National Center for Lesbian Rights

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Federal

Two Years after DADT’s End, Work Remains to Ensure Transgender Servicemembers Can Serve Openly

Two years ago today, on September 20, 2011, “Don’t Ask, Don’t Tell” was officially repealed. The discriminatory and stigmatizing 1994 policy that barred lesbian, gay, and bisexual servicemembers from serving openly in the military has had a damaging impact on the strength of the armed forces during one of the most dangerous military times in a generation. As a result of DADT, more than 13,500 women and men were discharged from the military because of their sexual...

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Part 11: The Repeal: No One Left Behind

By Huong T. Nguyen NCLR Guest Columnist Saturday, December 18, 2010. It’s 8:30 a.m., and I am still in bed. I hear footsteps hurriedly coming up the stairs. My bedroom door slams open, and a big mass lands on my body. Thromp! I open one eye and see my earnest 5-year-old son, Rowan, staring intently down at me. He whispers, “Mommy, wake up, they are voting to move the bill. ~~~ It’s only been three hours since I succumbed to sleep. I was keeping a vigil. I had a crazy idea that the repeal of...

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Finale: “Don’t Ask, Don’t Tell”: In the Olden Days

By Huong T. Nguyen NCLR Guest Columnist At the beginning of this school year, Rowan, my 6-year-old son, held court in his first-grade class about “Don’t Ask, Don’t Tell” (DADT). The unprompted conversation with his classmates went something like this: Rowan: My mom was in the military. Classmates: Really? Rowan: Yeah, but she was kicked out because she was gay. (His peers gathered around to hear his tale.) One classmate: No, I don’t believe you! Rowan: No, really, I saw her uniform! In the...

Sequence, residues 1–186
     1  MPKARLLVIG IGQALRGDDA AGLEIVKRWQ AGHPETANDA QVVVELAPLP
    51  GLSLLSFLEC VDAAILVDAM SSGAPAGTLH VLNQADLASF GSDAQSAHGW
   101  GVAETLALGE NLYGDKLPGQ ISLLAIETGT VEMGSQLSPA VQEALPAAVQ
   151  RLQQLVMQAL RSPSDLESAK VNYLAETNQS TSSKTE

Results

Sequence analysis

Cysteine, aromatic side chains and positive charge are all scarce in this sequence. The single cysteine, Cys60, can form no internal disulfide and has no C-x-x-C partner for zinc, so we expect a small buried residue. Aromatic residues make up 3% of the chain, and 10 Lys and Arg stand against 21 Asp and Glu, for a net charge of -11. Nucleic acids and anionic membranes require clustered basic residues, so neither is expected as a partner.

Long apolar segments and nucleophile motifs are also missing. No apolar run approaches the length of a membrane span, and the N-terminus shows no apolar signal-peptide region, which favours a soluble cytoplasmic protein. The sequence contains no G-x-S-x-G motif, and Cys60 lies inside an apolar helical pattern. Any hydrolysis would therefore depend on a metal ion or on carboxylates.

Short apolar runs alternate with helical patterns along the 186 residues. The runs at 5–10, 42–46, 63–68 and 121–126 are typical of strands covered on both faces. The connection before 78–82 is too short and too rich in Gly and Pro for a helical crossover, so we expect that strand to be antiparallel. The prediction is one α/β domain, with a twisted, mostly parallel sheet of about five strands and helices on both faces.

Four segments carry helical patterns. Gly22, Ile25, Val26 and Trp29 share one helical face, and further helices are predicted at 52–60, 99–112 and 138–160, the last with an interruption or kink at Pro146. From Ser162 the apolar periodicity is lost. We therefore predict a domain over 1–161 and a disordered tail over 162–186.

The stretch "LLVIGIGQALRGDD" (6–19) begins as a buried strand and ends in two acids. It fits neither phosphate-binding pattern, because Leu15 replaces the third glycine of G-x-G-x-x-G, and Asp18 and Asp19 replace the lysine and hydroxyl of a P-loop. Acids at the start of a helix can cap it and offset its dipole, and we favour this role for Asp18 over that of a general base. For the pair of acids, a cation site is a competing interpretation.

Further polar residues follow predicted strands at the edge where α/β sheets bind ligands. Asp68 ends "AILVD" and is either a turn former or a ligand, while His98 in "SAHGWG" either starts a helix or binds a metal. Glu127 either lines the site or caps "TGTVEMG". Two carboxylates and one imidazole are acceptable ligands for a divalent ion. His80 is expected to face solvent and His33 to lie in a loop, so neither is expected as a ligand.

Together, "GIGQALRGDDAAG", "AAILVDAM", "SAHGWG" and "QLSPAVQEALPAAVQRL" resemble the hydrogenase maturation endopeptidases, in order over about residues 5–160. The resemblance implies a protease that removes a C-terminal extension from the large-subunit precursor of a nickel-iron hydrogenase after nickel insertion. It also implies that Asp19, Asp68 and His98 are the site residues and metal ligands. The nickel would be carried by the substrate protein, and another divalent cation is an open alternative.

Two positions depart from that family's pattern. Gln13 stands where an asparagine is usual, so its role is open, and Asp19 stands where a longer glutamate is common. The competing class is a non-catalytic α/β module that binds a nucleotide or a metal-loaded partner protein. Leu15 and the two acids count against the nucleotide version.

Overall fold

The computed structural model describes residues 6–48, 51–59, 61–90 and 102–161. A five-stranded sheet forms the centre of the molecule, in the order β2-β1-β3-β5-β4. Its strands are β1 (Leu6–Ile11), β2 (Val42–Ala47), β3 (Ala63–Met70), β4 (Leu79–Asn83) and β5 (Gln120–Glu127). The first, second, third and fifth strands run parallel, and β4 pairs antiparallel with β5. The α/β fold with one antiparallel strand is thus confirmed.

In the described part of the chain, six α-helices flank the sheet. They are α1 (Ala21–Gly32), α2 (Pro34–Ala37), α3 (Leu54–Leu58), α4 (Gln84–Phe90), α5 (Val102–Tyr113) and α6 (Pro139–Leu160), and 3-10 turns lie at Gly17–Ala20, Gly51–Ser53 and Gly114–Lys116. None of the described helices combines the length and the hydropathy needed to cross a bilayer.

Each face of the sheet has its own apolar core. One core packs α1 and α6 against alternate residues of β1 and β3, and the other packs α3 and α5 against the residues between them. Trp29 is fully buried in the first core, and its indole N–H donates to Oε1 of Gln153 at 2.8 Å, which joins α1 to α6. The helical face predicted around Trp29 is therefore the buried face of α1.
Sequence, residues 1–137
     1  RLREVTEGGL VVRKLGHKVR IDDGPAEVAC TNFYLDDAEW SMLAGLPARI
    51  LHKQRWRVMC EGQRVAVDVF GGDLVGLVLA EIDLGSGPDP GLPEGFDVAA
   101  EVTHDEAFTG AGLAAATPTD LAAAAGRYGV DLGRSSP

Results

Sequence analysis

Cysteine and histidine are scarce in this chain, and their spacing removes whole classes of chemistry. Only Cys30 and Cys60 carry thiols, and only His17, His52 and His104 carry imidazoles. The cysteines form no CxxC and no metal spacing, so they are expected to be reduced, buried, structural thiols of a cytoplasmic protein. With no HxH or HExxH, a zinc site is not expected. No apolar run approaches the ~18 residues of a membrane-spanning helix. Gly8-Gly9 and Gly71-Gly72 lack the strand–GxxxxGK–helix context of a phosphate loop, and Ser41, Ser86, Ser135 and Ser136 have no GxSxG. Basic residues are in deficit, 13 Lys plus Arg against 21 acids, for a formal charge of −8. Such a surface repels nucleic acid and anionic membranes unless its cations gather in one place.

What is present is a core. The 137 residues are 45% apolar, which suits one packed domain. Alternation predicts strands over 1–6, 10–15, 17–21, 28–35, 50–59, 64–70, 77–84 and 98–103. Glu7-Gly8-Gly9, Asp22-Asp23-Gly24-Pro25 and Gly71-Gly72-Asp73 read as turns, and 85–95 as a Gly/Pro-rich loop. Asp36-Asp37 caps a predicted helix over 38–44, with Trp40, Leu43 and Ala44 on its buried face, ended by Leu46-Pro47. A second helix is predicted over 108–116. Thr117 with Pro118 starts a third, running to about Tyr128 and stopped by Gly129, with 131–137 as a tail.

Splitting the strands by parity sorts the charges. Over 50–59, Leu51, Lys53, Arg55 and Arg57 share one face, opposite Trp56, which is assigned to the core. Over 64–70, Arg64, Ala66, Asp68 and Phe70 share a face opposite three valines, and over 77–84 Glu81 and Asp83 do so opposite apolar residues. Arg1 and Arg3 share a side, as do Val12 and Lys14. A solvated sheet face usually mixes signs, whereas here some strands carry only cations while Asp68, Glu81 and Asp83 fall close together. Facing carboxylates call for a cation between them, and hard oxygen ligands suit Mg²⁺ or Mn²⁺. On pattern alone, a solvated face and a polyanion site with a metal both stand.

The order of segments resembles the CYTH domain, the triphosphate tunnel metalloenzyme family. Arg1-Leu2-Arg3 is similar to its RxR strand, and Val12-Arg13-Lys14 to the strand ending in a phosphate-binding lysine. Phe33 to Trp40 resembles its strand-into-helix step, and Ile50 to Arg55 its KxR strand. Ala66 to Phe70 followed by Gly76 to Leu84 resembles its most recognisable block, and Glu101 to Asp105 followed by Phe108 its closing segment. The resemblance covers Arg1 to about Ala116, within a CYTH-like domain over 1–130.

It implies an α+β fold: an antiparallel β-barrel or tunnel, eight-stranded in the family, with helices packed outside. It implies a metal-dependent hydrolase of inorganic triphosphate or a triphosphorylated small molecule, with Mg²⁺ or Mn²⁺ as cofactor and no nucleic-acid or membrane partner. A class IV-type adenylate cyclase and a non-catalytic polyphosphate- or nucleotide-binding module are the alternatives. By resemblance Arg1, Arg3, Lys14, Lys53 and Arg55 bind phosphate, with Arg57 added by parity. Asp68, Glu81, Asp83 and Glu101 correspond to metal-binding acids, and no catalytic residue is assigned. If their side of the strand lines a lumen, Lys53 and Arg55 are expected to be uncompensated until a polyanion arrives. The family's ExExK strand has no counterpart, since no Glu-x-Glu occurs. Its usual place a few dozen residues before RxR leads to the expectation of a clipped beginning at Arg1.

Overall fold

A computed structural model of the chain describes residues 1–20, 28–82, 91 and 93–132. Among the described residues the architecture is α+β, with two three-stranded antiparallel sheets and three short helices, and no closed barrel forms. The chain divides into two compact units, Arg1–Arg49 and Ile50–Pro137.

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Part 10: There’s A Place for Us

By Huong T. Nguyen NCLR Guest Columnist Year: 2010 The girl became my wife. Sixteen years after we first met, Alison and I live in the San Francisco Bay Area, and are proud parents of two wonderful boys. Two years ago, we were legally married in her parents’ backyard, surrounded by our closest friends and family. We had the unique joy of sharing that milestone with our children. ~~~ In 1997, the military discharged me without any characterization—meaning, neither honorable nor dishonorable....

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Part Nine: The Story

By Huong T. Nguyen NCLR Guest Columnist Whoa! That’s my life, not news. Don’t print it. But the school newspaper reporter argues: “We’re going to, with or without your consent. Your story is important to the debate about ROTC’s presence on campus in view of the school’s nondiscrimination policy.” Okay, I’ll give you the story, but I need some time to tell my family first. ~~~ How can I tell my Vietnamese family that their daughter is gay AND an utter failure? One or the other would be hard...